The Bastille was a fortress in Paris, built in the 14th century and used as a state prison by the kings of France since the 15th century. The Bastille became the symbol of royal oppression and injustice, and as such, it was stormed on 14 July 1789 by an angry crowd, thus becoming the spark that lit the flame of the French Revolution.
The Bastille was built as means to protect the eastern Parisian gateway of the Porte Saint-Antoine. In 1417 the fortress was declared a state prison, and by 1789 a total of 5,279 prisoners had come through the fortress. Contrary to popular opinion, however, the conditions in which the prisoners were kept were relatively benign.
The Bastille was built in response to the English threat to the city of Paris during the Hundred Years War. Initial work began in 1357, although the main body of construction occurred from 1370 onwards, creating a strong fortress with eight towers that protected the strategic gateway of the Porte Saint-Antoine on the eastern edge of Paris. The innovative design proved influential in both France and England and was widely copied. The Bastille figured prominently in France’s domestic conflicts, including the fighting between the rival factions of the Burgundians and the Armagnacs in the 15th century, and the Wars of Religion in the 16th. As early as 1417, the fortress was declared a state prison. The defences of the Bastille were strengthened in response to the English and Imperial threat during the 1550s, with a bastion being constructed to the east of the fortress. In the 17th century it played a key role in the rebellion of the Fronde and the battle of the Saint-Antoine suburb.
Louis XIV used the Bastille primarily as a prison for upper-class members of French society who had opposed or angered him. From 1659 onwards, the Bastille’s primary role was as a state penitentiary. Under Louis XV and XVI, the Bastille’s focus shifted and it was used to detain prisoners from an increasingly wide range of backgrounds, and to support the operations of the Parisian police, especially in enforcing government censorship of the printed media. Although inmates were kept in decent conditions, criticism of the Bastille grew during the 18th century, fuelled by autobiographies written by former prisoners. The reform of the prison began and prisoner numbers diminished considerably.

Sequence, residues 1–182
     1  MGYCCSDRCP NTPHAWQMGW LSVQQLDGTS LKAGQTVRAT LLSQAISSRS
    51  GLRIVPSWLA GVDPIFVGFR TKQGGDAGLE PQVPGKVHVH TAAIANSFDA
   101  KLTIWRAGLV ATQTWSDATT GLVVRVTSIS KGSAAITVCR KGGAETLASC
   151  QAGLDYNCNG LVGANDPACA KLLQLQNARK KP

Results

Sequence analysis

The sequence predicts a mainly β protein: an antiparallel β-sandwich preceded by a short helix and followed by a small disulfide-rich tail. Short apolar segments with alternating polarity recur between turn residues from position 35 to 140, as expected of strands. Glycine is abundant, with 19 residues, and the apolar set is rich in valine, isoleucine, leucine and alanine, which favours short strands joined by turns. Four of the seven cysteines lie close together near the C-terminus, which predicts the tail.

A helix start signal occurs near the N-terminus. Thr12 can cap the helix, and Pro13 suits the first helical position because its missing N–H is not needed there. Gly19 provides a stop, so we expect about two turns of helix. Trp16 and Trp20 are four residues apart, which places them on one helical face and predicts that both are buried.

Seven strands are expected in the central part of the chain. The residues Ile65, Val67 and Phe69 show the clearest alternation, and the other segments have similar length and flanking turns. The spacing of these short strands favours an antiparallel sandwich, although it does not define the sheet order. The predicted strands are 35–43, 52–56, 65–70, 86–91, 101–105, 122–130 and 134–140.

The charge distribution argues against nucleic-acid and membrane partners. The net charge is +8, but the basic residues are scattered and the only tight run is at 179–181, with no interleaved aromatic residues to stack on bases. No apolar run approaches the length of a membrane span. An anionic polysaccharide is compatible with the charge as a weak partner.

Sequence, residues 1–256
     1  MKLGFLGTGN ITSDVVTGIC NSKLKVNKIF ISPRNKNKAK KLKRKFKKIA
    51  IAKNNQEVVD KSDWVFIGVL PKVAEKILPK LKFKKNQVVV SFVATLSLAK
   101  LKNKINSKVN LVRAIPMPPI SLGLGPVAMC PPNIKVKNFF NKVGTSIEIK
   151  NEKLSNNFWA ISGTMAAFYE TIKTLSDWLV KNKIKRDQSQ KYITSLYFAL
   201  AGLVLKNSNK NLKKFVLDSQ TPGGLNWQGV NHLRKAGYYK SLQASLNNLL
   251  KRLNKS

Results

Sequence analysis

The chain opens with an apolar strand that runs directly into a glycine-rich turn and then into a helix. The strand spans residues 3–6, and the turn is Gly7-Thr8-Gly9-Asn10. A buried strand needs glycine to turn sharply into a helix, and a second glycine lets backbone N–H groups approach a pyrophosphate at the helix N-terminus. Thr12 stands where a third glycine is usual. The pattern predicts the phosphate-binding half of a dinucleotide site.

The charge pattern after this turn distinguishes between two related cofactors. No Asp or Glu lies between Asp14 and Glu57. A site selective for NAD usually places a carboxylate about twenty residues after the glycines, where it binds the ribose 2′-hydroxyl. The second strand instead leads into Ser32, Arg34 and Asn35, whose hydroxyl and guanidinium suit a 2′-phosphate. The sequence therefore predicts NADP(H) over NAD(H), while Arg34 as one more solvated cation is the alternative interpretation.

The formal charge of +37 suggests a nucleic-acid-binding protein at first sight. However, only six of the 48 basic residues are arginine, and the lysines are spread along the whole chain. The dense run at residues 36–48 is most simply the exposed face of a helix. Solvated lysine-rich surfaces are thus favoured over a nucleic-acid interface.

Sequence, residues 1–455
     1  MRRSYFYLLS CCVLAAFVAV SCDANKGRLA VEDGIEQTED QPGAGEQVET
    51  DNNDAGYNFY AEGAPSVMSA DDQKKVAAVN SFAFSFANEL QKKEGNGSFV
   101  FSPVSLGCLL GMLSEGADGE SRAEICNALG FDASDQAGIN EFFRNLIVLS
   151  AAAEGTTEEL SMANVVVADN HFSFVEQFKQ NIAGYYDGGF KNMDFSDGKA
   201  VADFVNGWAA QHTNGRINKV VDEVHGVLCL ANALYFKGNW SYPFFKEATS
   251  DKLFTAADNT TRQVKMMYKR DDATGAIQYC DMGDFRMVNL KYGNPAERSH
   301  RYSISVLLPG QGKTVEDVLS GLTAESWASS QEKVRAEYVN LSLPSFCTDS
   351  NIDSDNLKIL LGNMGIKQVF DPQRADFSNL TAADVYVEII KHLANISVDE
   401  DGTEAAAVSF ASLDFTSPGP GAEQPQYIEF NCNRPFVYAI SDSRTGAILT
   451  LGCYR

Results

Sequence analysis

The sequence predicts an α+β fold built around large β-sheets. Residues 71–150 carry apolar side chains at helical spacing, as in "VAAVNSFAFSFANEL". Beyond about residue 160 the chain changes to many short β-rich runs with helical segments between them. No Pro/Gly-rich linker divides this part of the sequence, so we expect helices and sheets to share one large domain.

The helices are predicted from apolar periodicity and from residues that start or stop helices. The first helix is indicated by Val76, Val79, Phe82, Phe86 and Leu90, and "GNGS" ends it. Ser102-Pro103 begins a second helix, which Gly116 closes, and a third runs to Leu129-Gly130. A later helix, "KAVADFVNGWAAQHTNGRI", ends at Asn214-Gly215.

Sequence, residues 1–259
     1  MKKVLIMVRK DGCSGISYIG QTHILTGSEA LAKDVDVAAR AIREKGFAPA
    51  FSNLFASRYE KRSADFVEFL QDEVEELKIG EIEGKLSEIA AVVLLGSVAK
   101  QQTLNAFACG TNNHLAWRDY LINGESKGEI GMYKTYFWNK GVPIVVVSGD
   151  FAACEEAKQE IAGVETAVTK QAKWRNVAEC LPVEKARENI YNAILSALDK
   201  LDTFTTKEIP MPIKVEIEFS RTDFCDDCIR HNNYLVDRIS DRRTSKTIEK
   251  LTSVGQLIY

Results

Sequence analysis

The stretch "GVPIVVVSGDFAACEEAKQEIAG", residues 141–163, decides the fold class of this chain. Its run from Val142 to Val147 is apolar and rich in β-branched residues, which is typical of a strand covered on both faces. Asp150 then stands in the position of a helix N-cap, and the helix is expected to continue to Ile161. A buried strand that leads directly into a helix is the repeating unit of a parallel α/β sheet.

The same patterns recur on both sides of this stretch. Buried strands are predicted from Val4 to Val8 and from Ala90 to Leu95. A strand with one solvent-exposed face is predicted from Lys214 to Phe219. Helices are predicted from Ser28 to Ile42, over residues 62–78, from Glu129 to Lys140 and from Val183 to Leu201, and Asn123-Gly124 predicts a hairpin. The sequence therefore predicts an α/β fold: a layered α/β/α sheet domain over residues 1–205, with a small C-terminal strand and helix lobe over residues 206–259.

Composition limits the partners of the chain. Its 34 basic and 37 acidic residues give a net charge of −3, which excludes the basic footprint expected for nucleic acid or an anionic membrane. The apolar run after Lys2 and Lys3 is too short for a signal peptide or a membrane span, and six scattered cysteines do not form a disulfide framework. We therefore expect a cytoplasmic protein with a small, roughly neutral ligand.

In 1789 political tensions in France resulted with a great explosion in the form of the storming of the Bastille. On 14 July incensed crowd attacked the prison, attempting to take hold of the gunpowder that was stored there. The remaining seven prisoners were set free and the governor of the prison was killed.
At de Launay’s request, an additional force of 32 Swiss soldiers had been assigned to the Bastille on 7 July, adding to the existing 82 members of the regular force. The governor of the prison, De Launay, had taken various precautions, raising the drawbridge in the Comté tower and destroying the stone abutment that linked the Bastille to its bastion to prevent anyone from gaining access from that side of the fortress. The shops in the entranceway to the Bastille had been closed and the gates locked. The Bastille, already hugely unpopular with the Revolutionary crowds, was now the only remaining royalist stronghold in central Paris, in addition to which he was protecting a recently arrived stock of 250 barrels of valuable gunpowder. To make matters worse, the Bastille had only a small supply of food and no source of water, so withstanding a long siege would be impossible.
On the morning of 14 July around 900 people formed outside the Bastille. They were primarily working-class members of the nearby Saint-Antoine suburb, but also some mutinous soldiers and local traders appeared as well. The crowd had gathered in an attempt to commandeer the gunpowder stocks known to be held in the Bastille, and at 10:00 am de Launay let in two of their leaders to negotiate with him. Just after midday, another negotiator was let in to discuss the situation, but no compromise could be reached: the Revolutionary representatives now wanted both the guns and the gunpowder in the Bastille to be handed over, but de Launay refused to do so unless he received authorisation from his leadership in Versailles.
Just as negotiations were about to recommence at around 13:30, chaos broke out as the impatient crowd stormed the outer courtyard leading towards the Bastille. Confused firing broke out in the confined space and chaotic fighting began in earnest. At around 15:30 more mutinous royal forces arrived to reinforce the crowd. They brought trained infantry officers and several cannons. After discovering that their weapons were too light to damage the main walls of the fortress, the Revolutionary crowd now began to fire their cannons at the wooden gate of the Bastille. By now around 83 of the crowd had been killed and another 15 mortally wounded; only one of the Invalides had been killed in return.